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Cash Withdrawal Limit Policy: Senators, Experts Knock CBN

(AFRICAN EXAMINER) – Business, finance experts and other stakeholders were sharply divided on the implications and timing of the new cash withdrawal limits by the Central Bank of Nigeria (CBN).

They are concerned that the new policy might worsen the tight economic environment.

The Senate has scheduled a debate on the matter for next Tuesday.

Stakeholders are worried about the possibility of implementing hitch-free cash withdrawal limits in communities with blind spots or poor network connectivity.

The revised cash withdrawal limits, which take effect on January 9, 2023, also affect other payment channels, including Automated Teller Machines (ATM), Point of Sale (PoS) and cheque-based transactions.

Also, the maximum cash withdrawal through ATM is set at N100,000 per week, subject to a maximum of N20,000 cash withdrawal per day.

The maximum cash withdrawal through the PoS terminal shall be N20,000 per day; only denominations of N200 and below shall be loaded into the ATMs.

Deputy President, Lagos Chamber of Commerce & lndustry (LCCI), Gabriel ldahosa, said the cash withdrawal limit might be the next stage of the apex bank’s plan to steadily move the country to a cashless economy.

He said the CBN appeared to be taking the benefit of the change of the high denomination currency notes to speed up the cashless process.

He, however, expressed concerns that the policy may have negative consequences and lead to crises.

“It is likely to cause disruptions in the economy, especially in rural areas where bank branches are few and telecommunication networks are very weak.

“Small and medium enterprises (SMEs) that have small working capital tend to hold most of it in cash in order to keep their businesses running,” Idahosa said.

According to him, CBN may be forced to introduce special arrangements for rural areas and SMEs if the disruptions degenerate into crisis situations.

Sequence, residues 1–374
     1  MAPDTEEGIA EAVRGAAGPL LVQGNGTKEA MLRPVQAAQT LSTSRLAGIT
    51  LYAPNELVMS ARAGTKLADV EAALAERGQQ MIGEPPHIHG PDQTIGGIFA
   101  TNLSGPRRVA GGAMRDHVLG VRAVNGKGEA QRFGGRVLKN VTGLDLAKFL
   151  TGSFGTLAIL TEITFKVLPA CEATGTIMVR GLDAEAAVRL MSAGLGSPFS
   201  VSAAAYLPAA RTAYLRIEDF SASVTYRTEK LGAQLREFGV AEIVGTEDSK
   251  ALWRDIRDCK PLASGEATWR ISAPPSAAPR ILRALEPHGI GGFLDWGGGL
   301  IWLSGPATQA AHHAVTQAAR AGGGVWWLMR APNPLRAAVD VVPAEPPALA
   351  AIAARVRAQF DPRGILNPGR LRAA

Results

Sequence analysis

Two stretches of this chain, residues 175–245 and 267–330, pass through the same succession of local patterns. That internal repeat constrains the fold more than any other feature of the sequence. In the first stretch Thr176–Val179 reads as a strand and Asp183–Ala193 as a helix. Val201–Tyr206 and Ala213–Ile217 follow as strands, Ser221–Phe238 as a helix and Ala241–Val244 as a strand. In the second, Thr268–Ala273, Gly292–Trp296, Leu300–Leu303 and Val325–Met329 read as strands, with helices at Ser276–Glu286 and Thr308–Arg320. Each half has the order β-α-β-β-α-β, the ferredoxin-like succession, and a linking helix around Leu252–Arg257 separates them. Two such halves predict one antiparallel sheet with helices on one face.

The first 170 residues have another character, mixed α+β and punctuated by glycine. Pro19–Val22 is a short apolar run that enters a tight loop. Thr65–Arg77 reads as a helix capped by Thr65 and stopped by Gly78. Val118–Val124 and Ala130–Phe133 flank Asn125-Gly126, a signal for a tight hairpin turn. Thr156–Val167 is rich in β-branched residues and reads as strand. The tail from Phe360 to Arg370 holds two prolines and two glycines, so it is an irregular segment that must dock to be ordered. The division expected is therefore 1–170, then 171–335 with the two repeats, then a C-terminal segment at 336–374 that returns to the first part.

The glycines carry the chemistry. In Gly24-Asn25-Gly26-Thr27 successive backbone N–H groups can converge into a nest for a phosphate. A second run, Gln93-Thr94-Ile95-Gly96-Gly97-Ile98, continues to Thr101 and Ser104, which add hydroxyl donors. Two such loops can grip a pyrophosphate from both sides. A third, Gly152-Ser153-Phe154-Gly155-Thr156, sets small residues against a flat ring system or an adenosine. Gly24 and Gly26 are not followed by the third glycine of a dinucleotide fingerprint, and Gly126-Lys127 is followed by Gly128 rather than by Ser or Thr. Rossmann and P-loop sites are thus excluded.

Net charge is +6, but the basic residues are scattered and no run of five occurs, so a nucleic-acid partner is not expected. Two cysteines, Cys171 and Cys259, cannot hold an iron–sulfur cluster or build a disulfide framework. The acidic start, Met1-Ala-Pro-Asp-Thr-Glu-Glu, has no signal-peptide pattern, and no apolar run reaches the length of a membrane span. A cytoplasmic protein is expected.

He said the apex bank must prepare for such possibilities, especially in hard-to-reach mountainous and riverine areas.

He noted that there might also be an unintended consequence of people in regular need of cash keeping much more cash than they normally do.

The Senate expressed reservations about the new policy and has scheduled Tuesday for a debate on the new cash withdrawal limits.

Senate President Ahmad Lawan believes the CBN should not approach the policy by jumping into it at once, saying many Nigerians would be affected.

He, however, noted the need to engage the CBN to get more details on the policy and thus directed the Senate Committee on Banking, Insurance and Other Financial Institutions to discuss the matter during the screening of the CBN deputy governors.

“This should be part of the major issues to be raised when they appear for screening. I want us to be properly informed and guided. Most of us, if not all of us, have not had an engagement with that institution.

“My personal opinion is, if we want to be a cashless society, we should take time to be a cashless society and not jump on it at once.

“Most Nigerians will be out of business. But we need to take the opportunity of the screening to be better informed on the policy,” Lawan said.

Senate Minority Leader Phillip Aduda called for caution on the cash withdrawal limit, saying the policy would affect the economy.

“Our commerce, I think, is not ready for this and our economy cannot take this shock. There is a need for us to speak about it because people are suffering and it is a very serious issue,” Aduda said.

Senator Gabriel Suswam urged the Senate to debate the policy immediately for the sake of Nigerians, who, he said, were extremely worried.

“My phone was inundated by calls from constituents, who are outside the formal sector. People are extremely worried. You should have allowed us to discuss this issue for the sake of Nigerians,” Suswam said, underlining the urgency of the situation.

Former Education Minister, Oby Ezekwesili, said the apex bank was punishing innocent Nigerians for the sins they never committed.

She described the policy as disastrous.

“What is with this constancy of disastrous Monetary Policies by the CBN? How did an institution that should model respect for economic evidence in policymaking become experts or agents of suffering in this country?

“You know that a policy entity has completely lost the plot when all sound evidence-based tools are abandoned in preference for policy guidelines with the high administrative cost of enforcement and a nightmare for innocent people.

“Punishing the innocent for the sins of the guilty?” Ezekwesili said.

Short URL: https://www.africanexaminer.com/?p=83663

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